The trail to Chimney Rock winds through a dry canyon toward a basalt outcrop overlooking the Crooked River. The ‘chimney’ is an eroded bit of a larger basalt formation, part of a number of successive volcanic flows dating back as far as 15.7 million years ago. The rock landmark sports a flat crewcut capping a cluster of black columns that look like fingers poised to hold a serving tray.
The footpath to the chimney is one of those tracks that seem to direct you away from your goal until making a 180 degree turn back to the destination. A newcomer might be confused as you cannot see the formation until you are almost there. I delight in this kind of misdirection. It calls me to the journey rather than destination.
Along the way, wildflowers offer splashes of color on a dark rock canvas. Low clusters of phlox, sandwort, and stonecrop are dwarfed by taller stands of lupine and desert parsley. As I round a bend in the trail, a bright stand of red paintbrush surprises my eyes. Desert wildflowers never cease to paint away the stereotype of arid country being a wasteland.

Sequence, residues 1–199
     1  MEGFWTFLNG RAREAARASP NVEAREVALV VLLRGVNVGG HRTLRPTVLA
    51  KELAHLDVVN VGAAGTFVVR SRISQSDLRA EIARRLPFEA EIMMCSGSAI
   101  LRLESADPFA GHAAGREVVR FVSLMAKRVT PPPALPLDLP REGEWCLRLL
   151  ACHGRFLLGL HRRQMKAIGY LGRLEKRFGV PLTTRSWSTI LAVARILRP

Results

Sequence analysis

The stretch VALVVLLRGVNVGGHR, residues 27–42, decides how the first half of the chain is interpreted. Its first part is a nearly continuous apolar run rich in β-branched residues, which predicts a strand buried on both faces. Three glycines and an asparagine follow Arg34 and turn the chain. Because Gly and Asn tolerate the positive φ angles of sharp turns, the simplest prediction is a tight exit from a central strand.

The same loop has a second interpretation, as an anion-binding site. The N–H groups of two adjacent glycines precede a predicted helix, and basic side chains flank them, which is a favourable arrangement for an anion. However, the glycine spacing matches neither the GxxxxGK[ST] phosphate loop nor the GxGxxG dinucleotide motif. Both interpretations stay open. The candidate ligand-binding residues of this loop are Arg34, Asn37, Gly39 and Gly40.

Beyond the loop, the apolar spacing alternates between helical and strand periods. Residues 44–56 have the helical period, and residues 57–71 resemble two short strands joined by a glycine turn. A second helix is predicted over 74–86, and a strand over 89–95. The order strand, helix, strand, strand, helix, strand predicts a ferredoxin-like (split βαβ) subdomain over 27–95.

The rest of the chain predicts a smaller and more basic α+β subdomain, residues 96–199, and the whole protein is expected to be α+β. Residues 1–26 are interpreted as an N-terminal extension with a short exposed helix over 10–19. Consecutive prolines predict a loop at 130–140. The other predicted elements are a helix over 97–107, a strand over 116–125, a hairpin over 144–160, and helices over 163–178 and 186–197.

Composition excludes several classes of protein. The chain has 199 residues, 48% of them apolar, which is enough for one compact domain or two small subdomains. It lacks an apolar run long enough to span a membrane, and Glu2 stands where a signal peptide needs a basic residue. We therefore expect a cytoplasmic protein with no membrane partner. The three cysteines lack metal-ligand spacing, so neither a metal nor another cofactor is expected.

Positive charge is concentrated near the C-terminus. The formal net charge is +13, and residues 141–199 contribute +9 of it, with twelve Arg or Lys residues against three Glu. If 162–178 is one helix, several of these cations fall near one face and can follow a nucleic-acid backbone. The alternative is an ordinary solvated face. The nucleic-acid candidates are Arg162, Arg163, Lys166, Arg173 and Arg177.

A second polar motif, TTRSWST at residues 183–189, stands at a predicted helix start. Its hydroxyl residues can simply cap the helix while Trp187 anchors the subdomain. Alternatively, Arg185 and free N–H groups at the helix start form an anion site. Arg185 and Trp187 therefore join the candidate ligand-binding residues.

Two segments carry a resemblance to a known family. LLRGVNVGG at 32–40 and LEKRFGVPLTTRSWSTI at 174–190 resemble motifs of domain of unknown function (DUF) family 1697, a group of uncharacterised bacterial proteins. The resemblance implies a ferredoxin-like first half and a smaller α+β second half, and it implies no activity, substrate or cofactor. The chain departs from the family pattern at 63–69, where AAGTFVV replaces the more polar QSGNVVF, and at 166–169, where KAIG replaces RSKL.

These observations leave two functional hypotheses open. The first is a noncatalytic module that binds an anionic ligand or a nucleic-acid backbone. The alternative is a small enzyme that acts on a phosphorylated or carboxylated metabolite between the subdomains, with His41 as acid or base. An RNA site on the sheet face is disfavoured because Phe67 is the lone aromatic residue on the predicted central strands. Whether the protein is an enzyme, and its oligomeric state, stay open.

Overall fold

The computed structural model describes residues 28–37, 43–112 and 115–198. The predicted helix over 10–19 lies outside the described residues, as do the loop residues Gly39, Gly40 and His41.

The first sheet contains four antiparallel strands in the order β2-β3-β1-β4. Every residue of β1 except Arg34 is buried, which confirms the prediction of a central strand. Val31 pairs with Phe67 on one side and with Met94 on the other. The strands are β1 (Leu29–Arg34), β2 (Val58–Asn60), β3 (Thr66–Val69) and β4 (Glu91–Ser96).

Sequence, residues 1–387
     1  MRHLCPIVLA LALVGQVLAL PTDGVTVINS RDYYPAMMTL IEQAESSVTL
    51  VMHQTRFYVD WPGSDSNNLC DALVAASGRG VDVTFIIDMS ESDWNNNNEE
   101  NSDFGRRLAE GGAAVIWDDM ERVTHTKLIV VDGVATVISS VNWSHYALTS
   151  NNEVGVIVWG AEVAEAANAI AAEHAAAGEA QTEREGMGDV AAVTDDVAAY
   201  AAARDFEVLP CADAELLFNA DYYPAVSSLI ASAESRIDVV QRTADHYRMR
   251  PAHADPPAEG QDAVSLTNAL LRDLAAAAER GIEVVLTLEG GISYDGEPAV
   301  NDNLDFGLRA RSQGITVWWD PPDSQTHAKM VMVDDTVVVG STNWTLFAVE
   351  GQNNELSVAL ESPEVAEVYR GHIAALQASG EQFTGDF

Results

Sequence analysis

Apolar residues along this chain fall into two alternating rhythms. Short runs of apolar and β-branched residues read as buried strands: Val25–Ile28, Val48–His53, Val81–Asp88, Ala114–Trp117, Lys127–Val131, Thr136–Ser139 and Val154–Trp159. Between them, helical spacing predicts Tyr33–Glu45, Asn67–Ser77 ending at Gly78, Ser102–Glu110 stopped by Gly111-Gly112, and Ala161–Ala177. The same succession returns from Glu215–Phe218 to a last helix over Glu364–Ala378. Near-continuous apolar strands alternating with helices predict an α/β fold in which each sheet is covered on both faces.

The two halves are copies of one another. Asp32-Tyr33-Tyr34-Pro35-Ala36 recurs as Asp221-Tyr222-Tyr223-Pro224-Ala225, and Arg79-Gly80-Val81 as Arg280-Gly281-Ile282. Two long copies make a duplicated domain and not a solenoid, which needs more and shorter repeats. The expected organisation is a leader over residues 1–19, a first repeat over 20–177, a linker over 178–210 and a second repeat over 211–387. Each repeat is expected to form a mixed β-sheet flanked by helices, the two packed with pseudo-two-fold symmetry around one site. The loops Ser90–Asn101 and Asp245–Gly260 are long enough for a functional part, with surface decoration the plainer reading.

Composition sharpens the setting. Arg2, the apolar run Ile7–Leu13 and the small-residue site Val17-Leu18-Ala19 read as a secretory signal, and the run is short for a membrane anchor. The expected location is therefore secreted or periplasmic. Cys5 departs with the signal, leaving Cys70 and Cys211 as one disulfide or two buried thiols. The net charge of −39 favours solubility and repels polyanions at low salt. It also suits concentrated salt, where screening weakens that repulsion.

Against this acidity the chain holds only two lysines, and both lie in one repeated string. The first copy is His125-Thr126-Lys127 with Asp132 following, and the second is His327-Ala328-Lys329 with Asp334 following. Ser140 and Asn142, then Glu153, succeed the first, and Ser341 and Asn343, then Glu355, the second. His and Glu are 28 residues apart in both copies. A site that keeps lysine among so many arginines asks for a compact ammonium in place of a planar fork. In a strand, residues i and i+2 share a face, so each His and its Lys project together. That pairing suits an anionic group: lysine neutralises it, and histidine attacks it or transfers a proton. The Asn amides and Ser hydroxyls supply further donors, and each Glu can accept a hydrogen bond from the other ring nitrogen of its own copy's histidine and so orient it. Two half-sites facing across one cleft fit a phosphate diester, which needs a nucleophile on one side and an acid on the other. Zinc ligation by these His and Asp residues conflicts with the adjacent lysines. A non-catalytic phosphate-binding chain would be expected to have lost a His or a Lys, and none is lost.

I come to a dry waterfall creating the headwall of the canyon. I imagine seasonal moisture spontaneously collecting and washing over the edge after a summer thunderstorm—only to disappear just as quickly. The rocks under my feet show no hint of water now, but wildlife tracks indicate it is a good watering spot.
In nature, things come and go, season to season, day to night. Survival depends on adaptability. This is no different in the landscape of emotions. Tears of sadness cascade down our cheeks then dry up in our joy. The movement of emotion is endless. The practice is to notice the transitory nature of everything arising in the mind and trust our capacity to compassionately adapt. This helps everyone survive.